In that case, you will want to heat the vinegar first, then wait just one week till it is ready. As refreshing as it is to accomplish your goal quickly, the shorter wait time also means that the flavors will not be as refined as fresh ingredients sitting in vinegar at room temperature for 3-4 weeks.
My advice for you is to try both ways of making herb-infused vinegars, they are far better than anything you can buy at the store.
Step 1 : Gather and forage for ingredients
To get started, step outdoors, take a deep breath of fresh air and forage for the wild plants you intend to use in your infused vinegar.
Here we are using just four ingredients. To keep the infused vinegar simple, yet delightfully flavorful:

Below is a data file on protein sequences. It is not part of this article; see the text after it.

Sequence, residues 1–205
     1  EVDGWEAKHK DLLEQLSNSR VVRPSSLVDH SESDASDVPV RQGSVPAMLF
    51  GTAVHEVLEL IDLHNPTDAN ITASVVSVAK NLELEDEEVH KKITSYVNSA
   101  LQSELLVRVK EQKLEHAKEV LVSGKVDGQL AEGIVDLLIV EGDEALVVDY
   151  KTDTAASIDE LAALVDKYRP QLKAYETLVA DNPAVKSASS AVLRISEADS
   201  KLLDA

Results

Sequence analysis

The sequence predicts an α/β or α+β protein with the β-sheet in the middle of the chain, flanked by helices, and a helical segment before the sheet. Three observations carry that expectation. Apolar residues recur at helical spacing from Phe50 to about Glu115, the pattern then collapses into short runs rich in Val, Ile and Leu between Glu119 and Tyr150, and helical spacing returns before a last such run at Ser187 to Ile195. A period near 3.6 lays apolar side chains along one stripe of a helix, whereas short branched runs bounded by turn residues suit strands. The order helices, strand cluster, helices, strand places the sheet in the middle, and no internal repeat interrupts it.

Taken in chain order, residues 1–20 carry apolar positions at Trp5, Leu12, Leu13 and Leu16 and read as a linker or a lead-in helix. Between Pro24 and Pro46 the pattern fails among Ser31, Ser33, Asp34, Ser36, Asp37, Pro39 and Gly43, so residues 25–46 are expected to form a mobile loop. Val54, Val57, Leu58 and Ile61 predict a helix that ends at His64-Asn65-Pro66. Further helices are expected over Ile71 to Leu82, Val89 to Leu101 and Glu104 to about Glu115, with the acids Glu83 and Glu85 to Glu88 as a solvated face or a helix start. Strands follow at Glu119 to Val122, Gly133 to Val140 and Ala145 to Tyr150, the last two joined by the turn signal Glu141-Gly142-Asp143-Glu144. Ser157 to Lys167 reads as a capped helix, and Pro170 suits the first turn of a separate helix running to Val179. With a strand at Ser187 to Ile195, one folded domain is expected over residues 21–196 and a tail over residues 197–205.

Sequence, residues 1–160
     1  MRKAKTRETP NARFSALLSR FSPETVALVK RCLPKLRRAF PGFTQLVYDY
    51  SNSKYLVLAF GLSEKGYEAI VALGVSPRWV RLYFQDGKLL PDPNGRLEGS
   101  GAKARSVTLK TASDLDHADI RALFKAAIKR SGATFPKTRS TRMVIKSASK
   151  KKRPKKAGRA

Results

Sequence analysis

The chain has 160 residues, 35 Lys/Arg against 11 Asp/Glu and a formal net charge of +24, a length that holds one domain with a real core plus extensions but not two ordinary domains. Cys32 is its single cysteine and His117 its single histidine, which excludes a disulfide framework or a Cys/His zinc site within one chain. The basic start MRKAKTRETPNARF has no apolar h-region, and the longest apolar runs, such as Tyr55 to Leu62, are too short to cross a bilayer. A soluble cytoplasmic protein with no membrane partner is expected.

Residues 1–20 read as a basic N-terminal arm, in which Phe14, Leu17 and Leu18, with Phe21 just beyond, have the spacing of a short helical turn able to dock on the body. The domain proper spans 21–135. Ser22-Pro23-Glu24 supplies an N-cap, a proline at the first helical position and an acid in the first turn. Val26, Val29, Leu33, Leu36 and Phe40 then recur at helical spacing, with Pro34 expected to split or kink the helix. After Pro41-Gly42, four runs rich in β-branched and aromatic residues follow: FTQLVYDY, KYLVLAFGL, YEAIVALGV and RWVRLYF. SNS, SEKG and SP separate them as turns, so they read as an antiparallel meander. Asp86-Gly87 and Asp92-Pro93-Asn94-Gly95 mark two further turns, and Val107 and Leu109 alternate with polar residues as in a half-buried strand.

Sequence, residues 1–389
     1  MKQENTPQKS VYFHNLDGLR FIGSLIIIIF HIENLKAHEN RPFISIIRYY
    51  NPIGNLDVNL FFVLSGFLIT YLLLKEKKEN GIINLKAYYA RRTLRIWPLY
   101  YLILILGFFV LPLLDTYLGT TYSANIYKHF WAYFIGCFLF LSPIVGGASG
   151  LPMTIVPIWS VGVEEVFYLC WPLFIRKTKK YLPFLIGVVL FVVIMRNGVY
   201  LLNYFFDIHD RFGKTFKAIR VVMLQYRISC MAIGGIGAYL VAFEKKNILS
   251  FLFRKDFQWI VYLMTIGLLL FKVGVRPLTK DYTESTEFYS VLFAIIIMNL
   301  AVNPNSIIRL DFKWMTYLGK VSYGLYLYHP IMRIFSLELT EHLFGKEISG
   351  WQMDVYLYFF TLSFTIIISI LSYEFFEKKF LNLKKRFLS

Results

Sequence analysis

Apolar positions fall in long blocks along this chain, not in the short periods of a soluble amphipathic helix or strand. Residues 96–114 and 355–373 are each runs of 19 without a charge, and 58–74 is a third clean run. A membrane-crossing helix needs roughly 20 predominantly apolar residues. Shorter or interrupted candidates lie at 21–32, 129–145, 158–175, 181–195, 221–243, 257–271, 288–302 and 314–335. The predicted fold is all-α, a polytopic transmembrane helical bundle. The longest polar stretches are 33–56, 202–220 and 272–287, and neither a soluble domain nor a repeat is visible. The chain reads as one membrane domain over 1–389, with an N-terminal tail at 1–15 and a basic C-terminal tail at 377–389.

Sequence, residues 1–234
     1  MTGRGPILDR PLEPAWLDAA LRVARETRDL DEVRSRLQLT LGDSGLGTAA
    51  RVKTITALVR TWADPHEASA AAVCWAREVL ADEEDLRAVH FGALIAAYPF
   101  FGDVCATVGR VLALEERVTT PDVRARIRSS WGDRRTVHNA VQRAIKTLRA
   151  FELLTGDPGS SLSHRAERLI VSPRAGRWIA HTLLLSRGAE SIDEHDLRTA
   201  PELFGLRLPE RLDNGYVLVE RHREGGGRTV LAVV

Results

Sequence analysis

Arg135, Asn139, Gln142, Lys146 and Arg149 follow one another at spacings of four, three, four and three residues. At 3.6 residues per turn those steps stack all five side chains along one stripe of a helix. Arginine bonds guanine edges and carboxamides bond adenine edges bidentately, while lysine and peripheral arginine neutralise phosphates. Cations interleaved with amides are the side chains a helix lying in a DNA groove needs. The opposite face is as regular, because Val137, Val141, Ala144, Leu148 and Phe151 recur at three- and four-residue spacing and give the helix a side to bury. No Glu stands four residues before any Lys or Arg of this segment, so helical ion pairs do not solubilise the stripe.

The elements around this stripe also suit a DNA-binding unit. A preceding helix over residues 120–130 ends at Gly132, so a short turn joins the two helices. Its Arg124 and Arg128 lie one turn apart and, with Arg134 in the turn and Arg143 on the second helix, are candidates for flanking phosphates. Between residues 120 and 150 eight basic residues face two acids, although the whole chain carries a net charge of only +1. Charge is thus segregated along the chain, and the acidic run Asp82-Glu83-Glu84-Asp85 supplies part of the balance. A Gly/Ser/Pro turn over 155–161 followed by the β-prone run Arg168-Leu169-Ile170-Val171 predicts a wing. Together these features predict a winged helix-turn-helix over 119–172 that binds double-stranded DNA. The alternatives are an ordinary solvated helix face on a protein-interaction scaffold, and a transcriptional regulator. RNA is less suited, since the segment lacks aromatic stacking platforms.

- stinging nettles (Urtica dioica)
- alfalfa (Medicago sativa)
- dandelion (Taraxacum officinale)
- plantain (Plantago lanceolata)
Harvest just as much as you need at one time, and you will easily discover that there is plenty left for the bees. A couple handfuls of fresh greens should be enough material to loosely fill an average size jar.
Keep in mind that children can and should be encouraged to lend a helping hand in harvesting from the wild. Teach them well, and they can pass this essential knowledge on to future generations.
Besides a handful or two of fresh herbs, you will need approximately 3 cups of organic apple cider vinegar, or enough to fill your jar.
Step 2: Shake, wash and chop your wild greens
Once you have harvested all the herbs you wish to add to your infused vinegar, you will want to make sure they are clean as can be.
Some people may choose to rinse them with running water, then let them dry out on a baking sheet before chopping.